noun, plural pairs, pair.

verb (used with object)

verb (used without object)

Nearby words

  1. painter's colic,
  2. painterly,
  3. painting,
  4. paintwork,
  5. painty,
  6. pair annihilation,
  7. pair bond,
  8. pair of compasses,
  9. pair off,
  10. pair production


    grow a pair, Slang: Vulgar. to act in a stereotypically manly way, as by being brave: Stop the whining and grow a pair!

Origin of pair

1250–1300; Middle English paire < Old French < Latin pāria, plural (taken as feminine singular) of pār a pair. See par1

Related formspair·wise, adverbun·paired, adjectivewell-paired, adjective

Can be confusedpair pare payer pearcouple pair several (see synonym study at the current entry)

Synonym study

1. Pair, brace, couple, span, yoke are terms for groups of two. Pair is used of two things naturally or habitually associated in use, or necessary to each other to make a complete set: a pair of dice. It is used also of one thing composed of two similar and complementary parts: a pair of trousers. Brace is a hunter's term, used of a pair of dogs, ducks, etc., or a pair of pistols or slugs: a brace of partridges. In couple the idea of combination or interdependence has become greatly weakened; it may be used loosely for two of anything ( a couple of apples ), and even for more than two: I have to see a couple of people. Span is used of a matched pair of horses harnessed together side by side. Yoke applies to the two animals hitched together under a yoke for drawing and pulling: a yoke of oxen.

Usage note

When used without a modifier, pairs is the only possible plural: Pairs of skaters glided over the ice. When modified by a number, pairs is the more common form, especially referring to persons: Six pairs of masked dancers led the procession. The unmarked plural pair is used mainly in reference to inanimate objects or nonhumans: He has three pair (or pairs ) of loafers. Two pair (or pairs ) of barn owls have nested on our property.
Pair signifying two individuals can take either a singular or plural verb, but it is usually followed by a plural verb and referred to by a plural pronoun: The guilty pair have not been seen since their escape.
In the sense “a set or combination of more than two objects forming a collective whole,” pair occurs chiefly in fixed phrases: a pair of beads; a pair of stairs. This use is now somewhat old-fashioned. See also collective noun, couple.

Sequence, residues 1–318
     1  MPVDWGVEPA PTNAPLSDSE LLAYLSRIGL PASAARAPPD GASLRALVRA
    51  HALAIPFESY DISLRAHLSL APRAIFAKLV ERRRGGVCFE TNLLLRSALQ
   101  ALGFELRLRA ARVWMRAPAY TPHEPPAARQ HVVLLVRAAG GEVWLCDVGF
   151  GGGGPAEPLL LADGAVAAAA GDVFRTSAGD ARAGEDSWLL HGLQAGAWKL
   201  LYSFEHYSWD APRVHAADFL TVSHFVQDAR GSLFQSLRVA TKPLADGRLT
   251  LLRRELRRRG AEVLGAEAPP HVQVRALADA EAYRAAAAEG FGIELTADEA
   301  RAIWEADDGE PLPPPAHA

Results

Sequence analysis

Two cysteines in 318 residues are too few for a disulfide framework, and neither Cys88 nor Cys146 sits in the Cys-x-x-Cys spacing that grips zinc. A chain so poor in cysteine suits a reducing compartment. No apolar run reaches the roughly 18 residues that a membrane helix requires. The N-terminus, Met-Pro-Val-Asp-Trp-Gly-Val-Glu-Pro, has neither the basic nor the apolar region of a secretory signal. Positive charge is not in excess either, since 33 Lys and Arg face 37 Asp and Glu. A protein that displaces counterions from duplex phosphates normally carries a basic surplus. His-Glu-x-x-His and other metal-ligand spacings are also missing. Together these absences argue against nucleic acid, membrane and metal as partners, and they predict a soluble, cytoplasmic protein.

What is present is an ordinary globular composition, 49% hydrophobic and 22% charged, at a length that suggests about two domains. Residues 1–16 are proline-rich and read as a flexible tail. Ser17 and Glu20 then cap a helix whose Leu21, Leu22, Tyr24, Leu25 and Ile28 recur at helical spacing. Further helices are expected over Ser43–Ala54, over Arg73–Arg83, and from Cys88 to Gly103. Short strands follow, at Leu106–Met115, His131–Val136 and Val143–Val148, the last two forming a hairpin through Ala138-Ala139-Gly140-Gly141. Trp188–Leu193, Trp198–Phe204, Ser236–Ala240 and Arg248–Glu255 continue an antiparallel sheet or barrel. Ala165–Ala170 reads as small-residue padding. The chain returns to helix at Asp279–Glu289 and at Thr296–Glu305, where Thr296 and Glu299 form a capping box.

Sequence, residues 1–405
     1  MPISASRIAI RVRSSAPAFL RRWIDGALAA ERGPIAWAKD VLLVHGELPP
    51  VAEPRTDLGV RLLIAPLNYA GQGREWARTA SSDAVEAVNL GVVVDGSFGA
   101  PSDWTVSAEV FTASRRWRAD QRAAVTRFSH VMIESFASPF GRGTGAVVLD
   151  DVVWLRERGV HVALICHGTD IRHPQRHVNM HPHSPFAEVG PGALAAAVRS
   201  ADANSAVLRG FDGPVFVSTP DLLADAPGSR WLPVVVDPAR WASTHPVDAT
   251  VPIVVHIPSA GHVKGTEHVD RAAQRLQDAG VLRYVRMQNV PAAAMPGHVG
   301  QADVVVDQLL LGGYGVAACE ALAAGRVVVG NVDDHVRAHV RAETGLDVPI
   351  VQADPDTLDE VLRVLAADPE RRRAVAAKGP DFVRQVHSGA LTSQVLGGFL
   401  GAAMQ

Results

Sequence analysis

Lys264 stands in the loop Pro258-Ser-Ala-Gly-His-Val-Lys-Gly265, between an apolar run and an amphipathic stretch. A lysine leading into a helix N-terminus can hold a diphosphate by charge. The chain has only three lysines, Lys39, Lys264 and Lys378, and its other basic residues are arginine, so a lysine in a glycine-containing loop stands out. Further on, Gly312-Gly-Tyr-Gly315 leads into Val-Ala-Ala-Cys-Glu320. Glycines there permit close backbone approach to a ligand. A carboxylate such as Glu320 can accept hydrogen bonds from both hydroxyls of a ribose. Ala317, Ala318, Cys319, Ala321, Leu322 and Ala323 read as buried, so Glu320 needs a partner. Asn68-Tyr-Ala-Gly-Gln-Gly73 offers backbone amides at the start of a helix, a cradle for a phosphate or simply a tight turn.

French. noting any even number, especially in roulette.Compare impair. Unabridged Based on the Random House Unabridged Dictionary, © Random House, Inc. 2019

Examples from the Web for pair

British Dictionary definitions for pair



noun plural pairs or functioning as singular or plural pair

two identical or similar things matched for use togethera pair of socks
two persons, animals, things, etc, used or grouped togethera pair of horses; a pair of scoundrels
an object considered to be two identical or similar things joined togethera pair of trousers
two people joined in love or marriage
a male and a female animal of the same species, esp such animals kept for breeding purposes
parliamentary procedure
  1. two opposed members who both agree not to vote on a specified motion or for a specific period of time
  2. the agreement so made
two playing cards of the same rank or denominationa pair of threes
one member of a matching pairI can't find the pair to this glove
cricket a pair of spectacles (the cricketing term)See spectacles (def. 2)
rowing See pair-oar
British and US dialect a group or set of more than two
logic maths
  1. a set with two members
  2. an ordered set with two members


(often foll by off) to arrange or fall into groups of twos
to group or be grouped in matching pairsto pair socks
to join or be joined in marriage; mate or couple
(when tr, usually passive) parliamentary procedure to form or cause to form a pair18 members were paired for the last vote
See also pairs

Word Origin for pair

C13: from Old French paire, from Latin paria equal (things), from pār equal


Like other collective nouns, pair takes a singular or a plural verb according to whether it is seen as a unit or as a collection of two things: the pair are said to dislike each other; a pair of good shoes is essential


a Scot word for poor
Collins English Dictionary - Complete & Unabridged 2012 Digital Edition © William Collins Sons & Co. Ltd. 1979, 1986 © HarperCollins Publishers 1998, 2000, 2003, 2005, 2006, 2007, 2009, 2012

Word Origin and History for pair
Online Etymology Dictionary, © 2010 Douglas Harper

Idioms and Phrases with pair


In addition to the idiom beginning with pair

  • pair off

also see:

  • show one's (a clean pair of) heels
The American Heritage® Idioms Dictionary Copyright © 2002, 2001, 1995 by Houghton Mifflin Harcourt Publishing Company. Published by Houghton Mifflin Harcourt Publishing Company.